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Wednesday, March 13, 2013

NATALIE WOOD, E. GLAZER, G. BUSH, EMIDIO GASPARI

Before I accepted the publisher's post at GAM, I was a " professional" manager of Little League teams. It was a passion that I pursued for more than 10 years.  I loved working with 10 to 12 year-old kids and the job taught me a great deal. You didn't need all-stars, not that couple of MVPs wouldn't hurt, but the key to winning was teamwork. Every one had to play their position and fill the role the manager asked them to fill. We applied those same principles at Graphic Arts Monthly, and we all did our fair share. The score card in baseball was replaced by general ledgers, profit and loss statements, market share reports and the letters, which I urged the sales people to write to their clients. I had discovered early on that sales call reports were mostly fiction, but copies of follow-up letters covering what discussed in visits to advertisers revealed reality.

In August I began to notice a downward shift in market share in Emidio Gaspari's territory in the Chicago office. I also noticed some very large expenditures in his expense reports. I called a number of times to discuss the two  situations. Either he was avoiding my calls or he was working his ass off. I expected it was the first of the two, so I phoned Mike O'Hara, the other salesman in the Midwest. Mike made some excuses for him, but I finally uncovered that Emidio's second wife had left him, and Emidio wasn't handling it very well. (His first wife had passed away seven years earlier and he had married her best friend.) He was an unusual guy, well built, stocky and carried a knife in his belt buckle. He made for an a-typical sales person though he gave a great presentation without much knowledge of the industry.

I began corresponding with Emidio, sending him a barrage of memos. They included ideas and  instructions on improving the areas that needed work...  market share, better sales letters and greater knowledge of of the  printing. industry. And we kept a red folder with all of that correspondence.   Most of my memos were ignored and none were answered. Shortly thereafter, one of his expense reports appeared on my desk. It was unforgettable because of a $700 lunch at the  Palm  Restaurant in Chicago. His guests were Shelly Khan of Mandabach and Simms,  an ad agency with several accounts, and a couple of others, whose names I didn't recognize. I phoned Shelly on the pretense of checking future advertising schedules. In passing, I asked, "Have you seen Emedio lately?" He answered, "Not for a few weeks." And I knew I had a problem.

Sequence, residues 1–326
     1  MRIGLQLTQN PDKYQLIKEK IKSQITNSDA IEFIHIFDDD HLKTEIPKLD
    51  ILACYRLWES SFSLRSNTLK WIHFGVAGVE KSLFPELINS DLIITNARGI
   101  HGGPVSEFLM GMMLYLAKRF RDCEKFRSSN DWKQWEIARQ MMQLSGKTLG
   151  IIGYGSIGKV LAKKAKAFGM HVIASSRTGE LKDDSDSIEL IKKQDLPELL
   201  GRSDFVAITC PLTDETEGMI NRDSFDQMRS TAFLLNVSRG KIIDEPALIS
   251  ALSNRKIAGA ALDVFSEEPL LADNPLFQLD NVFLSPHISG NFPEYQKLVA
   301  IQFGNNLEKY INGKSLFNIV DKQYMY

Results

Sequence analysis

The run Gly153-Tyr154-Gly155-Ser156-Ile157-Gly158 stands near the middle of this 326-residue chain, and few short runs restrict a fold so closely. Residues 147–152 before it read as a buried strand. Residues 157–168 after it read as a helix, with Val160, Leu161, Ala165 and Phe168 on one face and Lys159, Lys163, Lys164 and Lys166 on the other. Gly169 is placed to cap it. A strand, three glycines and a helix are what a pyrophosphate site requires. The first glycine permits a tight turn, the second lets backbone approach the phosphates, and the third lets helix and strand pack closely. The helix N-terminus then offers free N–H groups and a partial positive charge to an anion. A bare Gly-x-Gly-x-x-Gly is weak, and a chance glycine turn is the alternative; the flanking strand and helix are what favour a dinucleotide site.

As I've previously noted, I urged sales people to have dinner dates with clients at industry exhibits. During Graph Expo, Emedio, Paul Holder from our Cleveland office and Ron Andriani, one of our NYC stars, arranged a family dinner, each bringing a guest who was a customer. The restaurant they had  chosen was The Palm in Chicago.. It was more entertainment than selling  but being with advertisers is what counted..  They  invited me to join them. I was seated facing the wall with caricatures of celebrities that frequented the eatery. Looking right back at me were Natalie Wood, George H.W. Bush, and Ernest Glazer, all of them surrounding our very own Emidio Gaspari. What no one else knew was that I had met three of the four. Though I had never run into Natalie Wood, I had met George Bush several times and  "Pudgy" Glazer, as he was known in college, not only graduated from Ohio State, but he was also a fraternity brother.  Our check exceeded $1400, which was split three ways among the sales people.

At the time Pudgy was a pharmaceutical executive with Pfizer. I called to say hello, told him I had seen his puss on the wall of the Palm. I asked how often he ate there and how much he had spent in the last year. He asked if I was working with the IRS and I explained the reason for of my question. He said he was there about once a week, and estimated he had spent $10,000 during the past year. When I returned to my office, the accounting department sent me, copies  of Emidio's expense reports. His Palm receipts were nearly $12,000. Another memo went to Chicago banning Emidio from future visits to the palm. (Tomorrow the saga continues and it gets worse.)